In this first article, we’ll introduce you to what homeowners insurance is, why it’s often essential, and what can go wrong if you don’t have it.

What is homeowners insurance?

With home insurance, as with other types of coverage (including health insurance), you pay a relatively small amount of money either monthly or annually in exchange for the promise that your provider will help you pay for unexpected costs you might incur as a homeowner.

What can go wrong? So much, including natural disasters, fires, crimes, accidents, and other emergencies, many of which can be expensive to fix. Without home insurance, you run the risk of getting stuck with a bill that could be in the tens of thousands of dollars. Home insurance offers protection and peace of mind that you won’t get hit with expenses that might be hard to pay on your own.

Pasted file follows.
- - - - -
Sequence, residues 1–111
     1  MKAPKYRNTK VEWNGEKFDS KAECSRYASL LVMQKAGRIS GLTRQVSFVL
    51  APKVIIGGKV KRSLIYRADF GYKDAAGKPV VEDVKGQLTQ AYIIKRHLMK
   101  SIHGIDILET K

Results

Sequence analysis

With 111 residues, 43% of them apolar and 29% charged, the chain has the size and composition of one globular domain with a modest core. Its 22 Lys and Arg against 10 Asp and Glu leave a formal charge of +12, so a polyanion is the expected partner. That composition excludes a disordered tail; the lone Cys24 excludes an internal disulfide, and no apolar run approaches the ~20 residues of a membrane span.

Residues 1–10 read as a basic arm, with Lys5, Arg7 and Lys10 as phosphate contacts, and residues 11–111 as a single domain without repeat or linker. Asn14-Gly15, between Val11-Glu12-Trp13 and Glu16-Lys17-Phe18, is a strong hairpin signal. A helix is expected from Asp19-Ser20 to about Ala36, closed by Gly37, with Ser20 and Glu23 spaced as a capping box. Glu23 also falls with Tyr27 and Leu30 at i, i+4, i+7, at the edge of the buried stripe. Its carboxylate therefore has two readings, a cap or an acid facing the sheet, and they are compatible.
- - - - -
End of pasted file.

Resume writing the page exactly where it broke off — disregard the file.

Why you need home insurance with a mortgage

If you need a mortgage on your home, most lenders will require you to get home insurance before they approve your loan and close the deal.

The reason: By loaning you money for the house, lenders are also investing in your property. If this investment suddenly plummets in value—since, say, a tornado turned it into a pile of rubble—it’s in your lender’s interests for you to have a home insurance plan that will rebuild

AutoZone and Three Other Retailers to Buy for the Election

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AutoZone is on Wells Fargo analyst Zachary Fadem’s list of best ideas..


Justin Sullivan/Getty Images